A newspaper advertisement in Bannu, Khyber Pukhtunkhwa (KP) recently called for applications for the khakroab position. This is the official term for a sweeper, a member of the janitorial staff. Historically, because of institutional racism and religious persecution, this role has been almost exclusively reserved for Hindus, and especially Christians. The advertisement, in the column labeled “religion”, listed Hindu, Balmiki (a sect of Hinduism), Christian and Shia.
The ensuing rage on Twitter and other social media platforms was immediate. The resulting apology was swift, and predictably spun to feign sincerity and innocence. But even then, they only apologised for using the word “Shia”. Congratulations Shias, you have been upgraded to first class citizens.
There are so many thing wrong with this picture, that it is difficult to determine a starting point.
First, how did this advertisement ever get past the approval process? Second, how did the newspaper itself not object to such open discrimination, not just against Hindus and Christians, but also the fact that it tacitly labels Shias as non-Muslims? Third, and perhaps most importantly, why was there even a need to drag religion into a job posting? The answer to all three is simple. We have come to accept that such positions will only be applied for (and subsequently granted to) Christians and Hindus, as it is beneath our collective, imagined station. And this was no accident; it was deliberate, because it is considered common practice.
This is the state of affairs in contemporary Pakistan. A provincial government that touts itself on inclusion and tolerance, and wants to set the new standard for both politics and governance in Pakistan, allows this to fly under its nose. Even when the apology is issued, it completely ignores Christians and Hindus, because honestly, who cares, right?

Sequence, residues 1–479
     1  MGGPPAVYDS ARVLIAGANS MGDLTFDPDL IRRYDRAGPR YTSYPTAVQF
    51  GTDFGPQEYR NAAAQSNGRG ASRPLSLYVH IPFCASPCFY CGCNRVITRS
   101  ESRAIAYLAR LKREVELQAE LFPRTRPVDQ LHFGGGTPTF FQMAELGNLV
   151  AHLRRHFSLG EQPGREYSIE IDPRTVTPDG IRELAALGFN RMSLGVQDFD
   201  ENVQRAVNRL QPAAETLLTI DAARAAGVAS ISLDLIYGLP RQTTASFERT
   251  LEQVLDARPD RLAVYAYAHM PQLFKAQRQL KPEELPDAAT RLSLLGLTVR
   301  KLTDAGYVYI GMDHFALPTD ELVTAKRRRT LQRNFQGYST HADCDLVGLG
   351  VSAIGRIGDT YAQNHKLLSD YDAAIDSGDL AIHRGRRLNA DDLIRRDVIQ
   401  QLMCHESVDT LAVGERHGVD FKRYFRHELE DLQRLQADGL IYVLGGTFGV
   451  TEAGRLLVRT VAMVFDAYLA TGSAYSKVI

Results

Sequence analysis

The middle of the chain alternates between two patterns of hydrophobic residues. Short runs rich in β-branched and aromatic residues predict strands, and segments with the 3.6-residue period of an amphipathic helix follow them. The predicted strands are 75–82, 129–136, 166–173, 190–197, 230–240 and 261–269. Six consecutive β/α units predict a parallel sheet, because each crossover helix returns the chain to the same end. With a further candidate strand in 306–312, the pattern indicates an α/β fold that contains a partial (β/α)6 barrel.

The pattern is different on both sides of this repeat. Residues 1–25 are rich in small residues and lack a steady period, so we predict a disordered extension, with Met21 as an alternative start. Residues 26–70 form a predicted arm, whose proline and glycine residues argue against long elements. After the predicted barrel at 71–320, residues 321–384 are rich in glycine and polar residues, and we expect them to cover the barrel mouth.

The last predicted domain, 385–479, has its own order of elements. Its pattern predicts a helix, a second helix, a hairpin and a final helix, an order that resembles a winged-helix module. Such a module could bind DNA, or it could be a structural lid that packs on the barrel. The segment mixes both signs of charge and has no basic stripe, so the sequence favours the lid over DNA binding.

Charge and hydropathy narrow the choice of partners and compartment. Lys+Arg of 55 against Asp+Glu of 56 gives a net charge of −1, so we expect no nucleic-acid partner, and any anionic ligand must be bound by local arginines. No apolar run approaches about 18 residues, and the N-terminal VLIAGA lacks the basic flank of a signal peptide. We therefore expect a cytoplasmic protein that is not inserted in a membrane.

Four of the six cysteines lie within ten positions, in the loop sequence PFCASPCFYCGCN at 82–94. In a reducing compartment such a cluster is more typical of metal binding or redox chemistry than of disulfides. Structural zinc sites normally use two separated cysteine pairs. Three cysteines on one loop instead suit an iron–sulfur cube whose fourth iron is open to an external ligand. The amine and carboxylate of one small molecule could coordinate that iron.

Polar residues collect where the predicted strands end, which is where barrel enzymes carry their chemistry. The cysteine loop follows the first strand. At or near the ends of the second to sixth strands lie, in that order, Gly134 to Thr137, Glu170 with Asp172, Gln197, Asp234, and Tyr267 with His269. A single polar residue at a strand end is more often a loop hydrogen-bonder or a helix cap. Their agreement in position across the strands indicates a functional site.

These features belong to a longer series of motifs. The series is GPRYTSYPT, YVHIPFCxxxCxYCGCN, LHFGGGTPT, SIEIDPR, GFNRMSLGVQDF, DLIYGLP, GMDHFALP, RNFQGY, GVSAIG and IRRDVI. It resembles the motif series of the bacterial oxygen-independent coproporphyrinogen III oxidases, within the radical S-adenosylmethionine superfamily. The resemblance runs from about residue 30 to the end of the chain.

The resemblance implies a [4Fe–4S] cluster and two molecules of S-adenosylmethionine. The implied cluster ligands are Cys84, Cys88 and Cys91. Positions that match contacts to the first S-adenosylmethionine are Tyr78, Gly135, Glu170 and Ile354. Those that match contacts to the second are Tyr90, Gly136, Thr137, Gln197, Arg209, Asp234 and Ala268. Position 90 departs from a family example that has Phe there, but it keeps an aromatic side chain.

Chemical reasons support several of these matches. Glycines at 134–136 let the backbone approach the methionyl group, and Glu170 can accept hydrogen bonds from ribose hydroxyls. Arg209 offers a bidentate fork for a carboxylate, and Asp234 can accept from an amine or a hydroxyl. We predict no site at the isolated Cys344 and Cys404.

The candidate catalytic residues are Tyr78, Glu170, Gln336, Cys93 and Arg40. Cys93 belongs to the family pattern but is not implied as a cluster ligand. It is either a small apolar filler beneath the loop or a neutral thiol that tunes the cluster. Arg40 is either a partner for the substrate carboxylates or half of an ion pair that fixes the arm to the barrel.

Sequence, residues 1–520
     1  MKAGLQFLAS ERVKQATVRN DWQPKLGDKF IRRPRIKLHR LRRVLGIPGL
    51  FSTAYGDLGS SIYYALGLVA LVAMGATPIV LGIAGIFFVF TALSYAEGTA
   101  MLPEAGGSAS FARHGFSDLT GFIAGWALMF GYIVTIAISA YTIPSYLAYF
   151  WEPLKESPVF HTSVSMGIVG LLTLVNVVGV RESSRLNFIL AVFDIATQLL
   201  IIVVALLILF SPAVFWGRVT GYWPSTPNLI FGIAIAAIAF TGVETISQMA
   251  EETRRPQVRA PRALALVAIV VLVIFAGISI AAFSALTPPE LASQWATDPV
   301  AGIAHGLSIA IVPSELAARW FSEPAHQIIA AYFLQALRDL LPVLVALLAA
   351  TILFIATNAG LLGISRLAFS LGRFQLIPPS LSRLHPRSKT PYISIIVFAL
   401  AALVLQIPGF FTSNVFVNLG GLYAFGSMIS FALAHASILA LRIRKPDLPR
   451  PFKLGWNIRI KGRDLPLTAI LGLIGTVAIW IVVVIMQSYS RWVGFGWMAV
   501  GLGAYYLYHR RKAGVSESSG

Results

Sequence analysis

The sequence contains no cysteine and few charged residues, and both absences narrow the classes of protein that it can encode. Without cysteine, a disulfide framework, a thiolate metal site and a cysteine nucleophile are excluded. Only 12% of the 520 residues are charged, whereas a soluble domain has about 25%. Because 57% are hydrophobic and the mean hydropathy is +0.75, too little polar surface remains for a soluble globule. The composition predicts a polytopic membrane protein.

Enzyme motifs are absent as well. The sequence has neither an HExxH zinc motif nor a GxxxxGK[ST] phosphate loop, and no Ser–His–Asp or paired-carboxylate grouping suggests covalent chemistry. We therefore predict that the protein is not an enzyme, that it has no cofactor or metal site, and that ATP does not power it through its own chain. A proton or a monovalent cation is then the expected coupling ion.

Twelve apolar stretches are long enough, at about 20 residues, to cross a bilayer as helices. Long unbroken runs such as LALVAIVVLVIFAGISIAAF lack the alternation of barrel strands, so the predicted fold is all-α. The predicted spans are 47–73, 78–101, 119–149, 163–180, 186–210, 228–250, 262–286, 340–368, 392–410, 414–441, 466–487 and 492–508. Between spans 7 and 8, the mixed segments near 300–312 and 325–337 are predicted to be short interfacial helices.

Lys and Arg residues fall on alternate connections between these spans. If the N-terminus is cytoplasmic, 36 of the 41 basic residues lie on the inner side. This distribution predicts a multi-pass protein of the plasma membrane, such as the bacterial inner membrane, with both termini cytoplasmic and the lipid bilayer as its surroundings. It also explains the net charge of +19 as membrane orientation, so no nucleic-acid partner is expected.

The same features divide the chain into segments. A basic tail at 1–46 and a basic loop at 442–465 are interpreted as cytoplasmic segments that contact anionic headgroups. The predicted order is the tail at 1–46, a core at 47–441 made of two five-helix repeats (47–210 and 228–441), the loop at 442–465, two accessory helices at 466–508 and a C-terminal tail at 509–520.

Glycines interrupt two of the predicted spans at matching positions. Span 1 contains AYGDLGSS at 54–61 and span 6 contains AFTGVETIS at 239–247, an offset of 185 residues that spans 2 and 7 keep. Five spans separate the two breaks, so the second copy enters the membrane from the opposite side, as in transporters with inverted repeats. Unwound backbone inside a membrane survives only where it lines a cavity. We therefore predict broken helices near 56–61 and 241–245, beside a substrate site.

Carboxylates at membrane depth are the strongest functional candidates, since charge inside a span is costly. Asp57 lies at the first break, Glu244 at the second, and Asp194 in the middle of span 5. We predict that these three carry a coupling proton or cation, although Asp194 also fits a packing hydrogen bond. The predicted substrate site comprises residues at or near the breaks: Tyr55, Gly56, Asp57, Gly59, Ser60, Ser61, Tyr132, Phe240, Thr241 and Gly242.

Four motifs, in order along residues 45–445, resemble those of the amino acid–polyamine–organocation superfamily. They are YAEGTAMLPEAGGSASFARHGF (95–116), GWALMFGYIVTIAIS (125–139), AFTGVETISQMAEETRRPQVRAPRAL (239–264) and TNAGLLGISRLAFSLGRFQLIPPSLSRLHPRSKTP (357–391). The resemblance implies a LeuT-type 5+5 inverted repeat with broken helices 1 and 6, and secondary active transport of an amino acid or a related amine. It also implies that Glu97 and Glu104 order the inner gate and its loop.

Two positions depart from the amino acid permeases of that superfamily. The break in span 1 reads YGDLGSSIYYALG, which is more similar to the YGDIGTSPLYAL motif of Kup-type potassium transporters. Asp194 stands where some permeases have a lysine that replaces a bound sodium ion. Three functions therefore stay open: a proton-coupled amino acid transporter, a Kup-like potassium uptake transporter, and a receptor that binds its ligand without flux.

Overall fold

During the coverage of the Pakistan Super League (PSL) recently, a comedian on television said the following verbatim to showcase his patriotism: ‘I am ready to do anything for Pakistan, I will even become a choora’. A choora is a derogatory term for a Christian khakroab, and this statement elicited thundering applause from the studio audience. What a great man, he is willing to sink all the way to the level of a choora to save Pakistan! No one questioned the logical inconsistency. No one questioned the deep-seated racism and hatred for minorities. No one questioned the comedian on this exceptionally insolent and crass claim.
The racism continued in various forms on the program. A short while later, the comedian asked a former cricketer, a question about Chris Gayle. He asked whether Gayle feels disgusted when he looks at his own black hands. Surely it must cause nausea when he is eating. Tactfully, the guest stayed quiet on the issue, and the show moved on as if nothing had happened. The comedian, however, looks quite pleased with himself, for he had cleverly snuck in both religious discrimination and racism into the affair, and no one had been the wiser.
All of this is normal, but it should not be. All of this is accepted, but it should not be. Within our so-called liberal bubbles, we feel secure that we clamoured over social media. But the dirty secret of social media is that most of what is said on social media is not seen by most people. It is not sufficient to just tweet a picture of the newspaper. As citizens, we need to hold our leaders more accountable. Make calls to their office, write letters to their secretaries, send emails with demands for a better apology, and a promise to refrain from tinting a job posting in religious racism ever again.
Discrimination against minorities seems to be the true national sport of Pakistan. In our textbooks, in our daily social upbringing, we are lead to believe that non-Muslims are lesser beings, second-class citizens meant for janitorial jobs, indifferent attitudes, and universal disdain. This institutional racism has crept into every crevice, every pore, and every corner of the Pakistani society. It is our responsibility, as conscientious citizens to keep to in check, to challenge it, and to demand a better environment for everyone as equal citizens, as afforded by Article 25 of the Constitution of Pakistan.
The author serves as a Senior Research Fellow at the Center for Research and Security Studies, Islamabad, is a freelance journalist, and holds a bachelor and master degree in strategic communications from Ithaca College, NY, USA. He can be reached at firstname.lastname@example.org and tweets @zeesalahuddin